Judge Leslie Ghiz barred the prosecution from presenting the T-shirt as evidence, saying it was "far too prejudicial" to be allowed. The black T-shirt has the words "Great Smoky Mountains Tennessee" and "1934," the national park's founding year, surrounding the Confederate flag.
"It doesn't matter if the shirt said 'God loves all his children,'" Ghiz said at the time. "I wouldn't allow that either."
The flag is viewed by many as a symbol of slavery and oppression; to others, it's a symbol of Southern pride. Tensing, who is white, said at his first trial the T-shirt had "no meaning" to him. DuBose was black.
Jurors are supposed to only consider and deliberate over evidence a judge allows. Still, Mathews said he learned it was discussed in the jury room during deliberations at Tensing's second trial -- in spite of Ghiz's ruling. He spoke with four jurors and one alternate, he said.
"Had the jury found him guilty of something, he might have had something," former judge Norbert Nadel said. But, he added, it's irrelevant now that Deters has dropped the case.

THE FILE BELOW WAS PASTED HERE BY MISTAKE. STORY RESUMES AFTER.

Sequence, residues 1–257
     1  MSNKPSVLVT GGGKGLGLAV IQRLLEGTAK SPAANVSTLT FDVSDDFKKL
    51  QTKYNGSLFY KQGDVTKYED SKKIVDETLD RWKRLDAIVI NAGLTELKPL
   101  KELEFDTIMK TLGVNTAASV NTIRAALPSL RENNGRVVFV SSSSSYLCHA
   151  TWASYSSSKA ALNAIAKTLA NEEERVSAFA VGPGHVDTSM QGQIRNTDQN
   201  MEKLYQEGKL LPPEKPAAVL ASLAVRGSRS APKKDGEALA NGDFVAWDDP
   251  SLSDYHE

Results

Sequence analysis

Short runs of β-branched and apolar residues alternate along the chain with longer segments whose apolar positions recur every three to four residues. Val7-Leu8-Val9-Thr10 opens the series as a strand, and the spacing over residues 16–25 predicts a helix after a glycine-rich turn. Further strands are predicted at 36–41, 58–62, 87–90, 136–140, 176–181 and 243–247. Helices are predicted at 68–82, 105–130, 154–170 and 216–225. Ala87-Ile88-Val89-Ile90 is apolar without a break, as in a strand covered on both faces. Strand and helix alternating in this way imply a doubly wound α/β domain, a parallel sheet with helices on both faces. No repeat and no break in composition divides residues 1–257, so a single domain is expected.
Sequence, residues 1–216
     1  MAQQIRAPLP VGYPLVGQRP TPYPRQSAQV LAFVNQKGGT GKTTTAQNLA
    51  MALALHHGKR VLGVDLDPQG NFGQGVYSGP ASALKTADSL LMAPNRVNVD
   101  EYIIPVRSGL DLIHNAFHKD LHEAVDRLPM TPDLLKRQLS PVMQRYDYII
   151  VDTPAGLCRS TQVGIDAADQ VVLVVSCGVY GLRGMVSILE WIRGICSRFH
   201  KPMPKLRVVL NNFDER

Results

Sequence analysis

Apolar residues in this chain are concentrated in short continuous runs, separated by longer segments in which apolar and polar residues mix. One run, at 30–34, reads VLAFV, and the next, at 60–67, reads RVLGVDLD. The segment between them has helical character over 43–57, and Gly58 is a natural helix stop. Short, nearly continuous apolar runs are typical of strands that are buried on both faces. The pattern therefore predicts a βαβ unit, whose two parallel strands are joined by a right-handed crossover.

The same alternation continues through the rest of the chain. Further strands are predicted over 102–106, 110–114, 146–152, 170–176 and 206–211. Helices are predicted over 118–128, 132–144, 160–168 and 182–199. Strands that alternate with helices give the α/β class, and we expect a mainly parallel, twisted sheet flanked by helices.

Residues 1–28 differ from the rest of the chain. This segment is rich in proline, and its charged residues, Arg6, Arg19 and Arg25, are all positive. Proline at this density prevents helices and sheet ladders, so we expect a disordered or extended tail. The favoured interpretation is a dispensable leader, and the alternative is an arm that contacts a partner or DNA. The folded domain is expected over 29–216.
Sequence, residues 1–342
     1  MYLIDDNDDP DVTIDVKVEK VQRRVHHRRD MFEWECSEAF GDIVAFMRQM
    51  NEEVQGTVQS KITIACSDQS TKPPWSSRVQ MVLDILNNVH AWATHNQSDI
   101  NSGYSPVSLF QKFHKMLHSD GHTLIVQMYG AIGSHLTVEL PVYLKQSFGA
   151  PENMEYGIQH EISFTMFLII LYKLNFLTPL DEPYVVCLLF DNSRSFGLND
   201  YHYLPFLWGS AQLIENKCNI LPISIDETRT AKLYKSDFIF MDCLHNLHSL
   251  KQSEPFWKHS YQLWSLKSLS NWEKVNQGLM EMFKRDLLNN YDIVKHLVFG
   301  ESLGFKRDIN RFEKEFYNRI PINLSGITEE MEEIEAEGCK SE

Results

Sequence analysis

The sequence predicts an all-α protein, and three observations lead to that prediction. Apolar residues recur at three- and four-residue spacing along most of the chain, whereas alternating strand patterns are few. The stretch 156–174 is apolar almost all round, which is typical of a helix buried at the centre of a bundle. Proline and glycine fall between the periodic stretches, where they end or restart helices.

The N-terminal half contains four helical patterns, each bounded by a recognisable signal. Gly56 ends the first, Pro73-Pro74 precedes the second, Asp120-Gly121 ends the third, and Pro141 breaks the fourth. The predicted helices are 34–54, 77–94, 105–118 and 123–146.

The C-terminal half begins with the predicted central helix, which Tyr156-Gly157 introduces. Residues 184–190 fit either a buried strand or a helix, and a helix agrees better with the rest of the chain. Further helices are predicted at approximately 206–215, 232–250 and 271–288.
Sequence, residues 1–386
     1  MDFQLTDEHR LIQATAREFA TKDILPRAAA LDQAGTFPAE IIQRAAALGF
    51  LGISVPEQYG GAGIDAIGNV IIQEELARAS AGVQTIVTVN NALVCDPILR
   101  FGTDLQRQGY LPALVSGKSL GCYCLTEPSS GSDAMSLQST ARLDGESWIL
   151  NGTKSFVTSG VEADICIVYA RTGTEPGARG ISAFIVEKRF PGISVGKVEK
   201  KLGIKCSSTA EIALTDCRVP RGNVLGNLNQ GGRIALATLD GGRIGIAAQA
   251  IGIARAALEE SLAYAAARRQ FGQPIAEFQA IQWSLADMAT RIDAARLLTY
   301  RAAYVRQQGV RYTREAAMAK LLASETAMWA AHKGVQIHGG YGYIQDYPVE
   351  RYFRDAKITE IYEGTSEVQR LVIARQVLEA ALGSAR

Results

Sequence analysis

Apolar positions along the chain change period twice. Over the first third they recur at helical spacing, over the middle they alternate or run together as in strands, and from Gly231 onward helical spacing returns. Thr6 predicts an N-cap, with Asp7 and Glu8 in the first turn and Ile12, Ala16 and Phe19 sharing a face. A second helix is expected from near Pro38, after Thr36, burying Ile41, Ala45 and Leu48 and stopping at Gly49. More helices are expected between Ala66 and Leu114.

The shirt became widely known in the two years since Tensing killed DuBose. The fact jurors discussed it doesn't necessarily mean the trial should have been moved, Nadel said. Judge Megan Shanahan allowed jurors to hear about the shirt during the first trial last November.
Tensing was a police officer for the University of Cincinnati when shot DuBose in the head during a traffic stop in the city's Mount Auburn neighborhood two years ago. He claimed DuBose tried to drive off from the stop, and that he feared for life because his arm was caught in the car.
The trials centered on whether Tensing truly was in danger and if his actions were appropriate.
Mathews said Tensing is "relieved" Deters dropped the case, "but he's very concerned that it's been referred to the Department of Justice."
Deters said the Justice Department has asked to review the case for potential civil rights violations, and his office has turned over all his case files to the U.S. Attorney's office. But he also cautioned the federal government works slowly.
"I don't believe there's any bit of evidence that would substantiate a federal civil rights violation," Mathews said.
He also said Tensing and his family are concerned about mounting legal costs as the federal government now takes up the case. For now, Tensing is working at his father's company.